HHS Executive Commissioner Albert Hawkins to Retire
AUSTIN ― Texas Health and Human Services Executive Commissioner Albert Hawkins today officially notified the Governor of his intention to retire.
"I'm grateful for the opportunity to have served with so many state leaders and legislators who share a passion for public service," Hawkins said. "It has been an honor."
As commissioner, Hawkins oversees the state's five health and human services agencies, which have combined budgets of $25 billion a year and more than 50,000 employees. Gov. Perry appointed Hawkins to the role in January 2003.
"Albert Hawkins has been a quiet but powerful force in state government for decades," said Gov. Rick Perry. "His budget expertise is renowned, and he has brought compassion and a commitment to quality to every job he's had. We are going to miss his leadership."
Hawkins, who has 35 years of experience in state government, led one of the largest reorganizations in U.S. history after the 2003 Texas Legislature consolidated 12 state agencies into five new agencies under his oversight. The reorganization was completed on time and achieved almost $1 billion in savings with no disruption in services.
Under Hawkins' leadership, Texas: (see if you can guess what's MISSING from his accomplishments.....)
Before his appointment as health and human services executive commissioner, Hawkins served as a senior White House aide to President George W. Bush for two years. From 1995 to 2000, Hawkins was the budget director for the Governor's Office, and he worked at the Texas Legislative Budget Board for 16 years.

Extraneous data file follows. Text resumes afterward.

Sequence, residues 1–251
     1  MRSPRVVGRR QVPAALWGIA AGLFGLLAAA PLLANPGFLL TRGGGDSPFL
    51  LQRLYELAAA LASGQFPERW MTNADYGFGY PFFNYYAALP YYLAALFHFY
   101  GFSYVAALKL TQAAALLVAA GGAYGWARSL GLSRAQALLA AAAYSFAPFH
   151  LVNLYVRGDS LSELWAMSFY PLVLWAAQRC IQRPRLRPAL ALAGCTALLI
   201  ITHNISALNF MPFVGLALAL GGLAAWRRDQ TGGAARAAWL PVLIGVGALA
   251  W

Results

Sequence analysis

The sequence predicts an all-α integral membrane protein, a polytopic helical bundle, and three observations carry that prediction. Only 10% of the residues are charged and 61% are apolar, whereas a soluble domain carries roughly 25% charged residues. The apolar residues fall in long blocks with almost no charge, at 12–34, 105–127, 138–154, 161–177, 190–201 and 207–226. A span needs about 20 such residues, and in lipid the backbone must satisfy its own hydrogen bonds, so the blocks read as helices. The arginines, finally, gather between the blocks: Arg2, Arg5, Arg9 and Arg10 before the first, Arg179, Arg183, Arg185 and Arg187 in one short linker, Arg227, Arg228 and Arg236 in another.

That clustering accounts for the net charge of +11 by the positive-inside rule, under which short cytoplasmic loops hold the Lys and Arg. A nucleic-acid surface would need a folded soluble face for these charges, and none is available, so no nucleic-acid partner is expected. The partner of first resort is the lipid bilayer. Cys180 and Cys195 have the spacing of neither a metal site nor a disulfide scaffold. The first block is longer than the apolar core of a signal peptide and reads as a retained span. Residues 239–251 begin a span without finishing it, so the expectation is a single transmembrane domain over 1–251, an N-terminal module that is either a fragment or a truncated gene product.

Hawkins is the recipient of numerous awards, including the Bob Bullock Award for Outstanding Public Stewardship in 2004; Distinguished Alumnus of LBJ School of Public Affairs in 2001; the Texas State Administrator of the Year in 1998; the Whitney M. Young Award from Austin Urban League in 2005; and the Outstanding Leadership Award from the Austin Chapter of Blacks in Government in 2005.
Hawkins earned a bachelor's degree in government from the University of Texas at Austin in 1975. He received a master's of public affairs from the Lyndon B. Johnson School of Public Affairs at the University of Texas in 1978.
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